Fredericksburg Walking Tours

Fredericksburg, Texas

For many, the attractions found on a walking tour are the immediate draw, but the regimented schedule of a tour guide’s well-meaning itinerary is a drawback. If that’s the case, then this history-rich, self-guided tour of the 175-year old town of Fredericksburg, Texas is the perfect way to learn about the legacy of the town’s historic district that has garnered some natural recognition of its own.

Once you set forth on the tour, you’ll immediately notice that Fredericksburg’s streets are incredibly wide, and sure “everything’s bigger in Texas,” but the width of the streets is due to the fact that the founders of the town had an outstanding need for a full team of oxen to be able to turn around in the street before being hitched up on one of the street’s still-accessible metal hoops (found along the sidewalks). The tour allows you to independently survey the town’s historical district according to the areas that interest you the most– whether that be admiring the Admiral Nimitz Gallery of the National Museum of the Pacific War, learning about Fredicksburg’s founding history in the iconic Vereins Kirche Museum found in the center of Marktplatz, or setting down for one of your three meals at the unforgettable Rathskeller Basement Restaurant in Frederickburg’s Historic Keidel Hospital Building. Sure you may have to spend multiple days taking in all that this notable Texan city has to offer, but that’s just the price you pay when you’re learning about one of the more architecturally and historically rich towns in the Southern United States.

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Southern Weekend Getaways

The Southern treasures of Atlanta, Georgia and Jacksonville, Florida have recently resurfaced as tempting travel destinations by way of Southern Living’s recommendation. Both Atlanta’s Midtown neighborhood and Jacksonville’s cosmopolitan beach scene have a lot to offer the traveler that craves excitement alongside relaxation. As always, be sure to travel safely and responsibly by checking local government restrictions and CDC guidelines.

The Midtown Neighborhood of Atlanta, Georgia

Midtown Atlanta is practically a new city altogether thanks to its burgeoning neighborhood with its inclusive array for hearty, stylish shops, museums, and restaurants to peruse. Everything about this locale invites you to indulge in this Georgia Peach just as you would the Big Apple.

This setting is absolutely perfect for anyone who self-identifies as a style-setter wanting a big-city southern weekend getaway. If that describes you, then begin your sojourn with the heart and height of Atlanta’s art scene, the High Museum of Art, or take in the experienced sights of the new-to-the-neighborhood Museum of Design Atlanta and its celebration of item design that includes items from handbags to graffitied skateboards.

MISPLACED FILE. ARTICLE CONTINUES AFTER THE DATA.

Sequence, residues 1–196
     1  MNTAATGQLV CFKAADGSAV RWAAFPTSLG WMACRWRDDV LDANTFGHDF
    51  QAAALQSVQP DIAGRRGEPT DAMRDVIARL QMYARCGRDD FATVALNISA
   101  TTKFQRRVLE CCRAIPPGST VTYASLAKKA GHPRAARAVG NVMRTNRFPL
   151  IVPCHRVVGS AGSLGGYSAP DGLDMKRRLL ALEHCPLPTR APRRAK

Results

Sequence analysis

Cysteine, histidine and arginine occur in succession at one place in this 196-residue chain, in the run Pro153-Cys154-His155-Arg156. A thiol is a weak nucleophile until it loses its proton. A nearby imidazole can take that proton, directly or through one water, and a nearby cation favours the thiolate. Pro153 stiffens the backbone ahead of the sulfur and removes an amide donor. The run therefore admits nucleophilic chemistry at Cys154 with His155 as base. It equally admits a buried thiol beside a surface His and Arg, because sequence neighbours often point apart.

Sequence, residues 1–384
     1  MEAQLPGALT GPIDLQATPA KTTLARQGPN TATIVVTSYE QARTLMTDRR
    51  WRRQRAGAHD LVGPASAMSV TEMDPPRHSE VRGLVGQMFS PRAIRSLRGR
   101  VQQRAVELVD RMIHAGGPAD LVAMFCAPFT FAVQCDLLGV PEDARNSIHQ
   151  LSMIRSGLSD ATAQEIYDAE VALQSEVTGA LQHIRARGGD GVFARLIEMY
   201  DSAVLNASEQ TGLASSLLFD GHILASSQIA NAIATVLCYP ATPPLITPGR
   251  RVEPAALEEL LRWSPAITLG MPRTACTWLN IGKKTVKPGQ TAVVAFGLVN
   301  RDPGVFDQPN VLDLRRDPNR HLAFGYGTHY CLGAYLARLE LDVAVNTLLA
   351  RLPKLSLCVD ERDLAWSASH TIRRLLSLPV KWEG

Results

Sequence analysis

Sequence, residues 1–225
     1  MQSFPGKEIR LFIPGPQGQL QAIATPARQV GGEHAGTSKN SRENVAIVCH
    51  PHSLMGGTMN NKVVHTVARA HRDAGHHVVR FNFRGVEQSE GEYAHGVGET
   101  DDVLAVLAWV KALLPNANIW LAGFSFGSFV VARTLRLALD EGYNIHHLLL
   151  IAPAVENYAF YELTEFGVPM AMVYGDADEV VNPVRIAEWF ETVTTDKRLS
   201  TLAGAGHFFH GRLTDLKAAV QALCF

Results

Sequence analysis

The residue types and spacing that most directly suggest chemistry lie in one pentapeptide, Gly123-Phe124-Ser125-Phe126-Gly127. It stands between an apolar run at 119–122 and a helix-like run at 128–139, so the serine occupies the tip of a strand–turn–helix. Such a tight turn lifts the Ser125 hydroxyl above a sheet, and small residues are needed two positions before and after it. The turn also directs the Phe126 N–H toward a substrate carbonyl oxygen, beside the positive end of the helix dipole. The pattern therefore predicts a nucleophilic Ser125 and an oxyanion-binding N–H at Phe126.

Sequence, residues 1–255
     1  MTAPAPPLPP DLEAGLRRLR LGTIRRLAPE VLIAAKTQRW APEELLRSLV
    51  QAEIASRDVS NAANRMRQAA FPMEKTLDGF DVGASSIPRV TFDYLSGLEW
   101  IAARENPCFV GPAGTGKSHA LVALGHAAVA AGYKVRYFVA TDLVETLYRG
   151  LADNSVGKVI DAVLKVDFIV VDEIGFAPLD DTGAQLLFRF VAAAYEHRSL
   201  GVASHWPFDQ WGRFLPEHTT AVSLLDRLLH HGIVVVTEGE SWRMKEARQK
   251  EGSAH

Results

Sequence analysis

Reinvigorate your style by shopping at Billy Reed’s new outpost in the Westside Provisions District, which emcompassess a collection of boutiques that are housed in a former meatpacking plant.

If you’re hungry, definitely expect to order oysters on the half shell from chef Ford Fry’s latest seafood venture, The Optimist. Alternatively, taste southern decadence with a supper consisting of pork belly with sweet tea-jus at the lavish restaurant, The Lawrence. Then, top it all off with an unforgettable chocolate-chip cookie dough cheesecake from Café Intermezzo.

Take advantage of all that Atlanta’s Midtown neighborhood has to offer today by booking a stay in one of the comfortable rooms of The Artmore Hotel, which is nestled inside a classic, 1920’s building, rivaling the many chains of Atlanta.

 The Beachtown of Jacksonville, Florida

Located further down south, this cosmopolitan beach scene favors relaxation to luxury, but it avoids the tacky entirely, if done right. The key is sticking to the water, and in Jacksonville it’s simply everywhere. The city itself is perched against the Atlantic Ocean, and it’s split into two by the St. Johns River. Southern Living offers the following guide to the ideal Jacksonville Weekend stay.

Arrive on a Friday for a southern weekend getaway, unpack your bags after checking in to The Sea Turtle Inn, which is the lodging that also suits famed novelist John Grisham. The Sea Turtle is even still sparkling from its $6.5 million renovation, and its rates are affordable at an average of $109 in the off-season.

The hotel’s restaurant specializes in Floribbean cuisine, which is a combination of Caribbean spices and traditional freshly-caught fare.

On Saturday morning, an early riser can catch the unforgettable Florida sunrise and then head over to The Coffee Grinder, the cozy coffee shop located next to a local gift shop that’s full of souvenirs, standard postcards, and watercolors that you’re practically required to browse and purchase for your loved one back on the mainland.

Spend Saturday on the beach, in the sun, and around the water, but once you’re tired or looking for something different, be sure to take a walk over to a local book store like The Book Mark. Similarly, you could peruse the wares of Patina and purchase some niche home accents and furnishings that are comfortably vintage.

Depending on your energy levels, you’re free to head in for the night or explore the sights along the SS. Marine Taxi,The Jacksonville Landing, and/or The Cummer Museum of Art & Gardens. All in all, Jacksonville has a little something for everyone, and you’d be delighted to find your favorite corner- whatever it may be.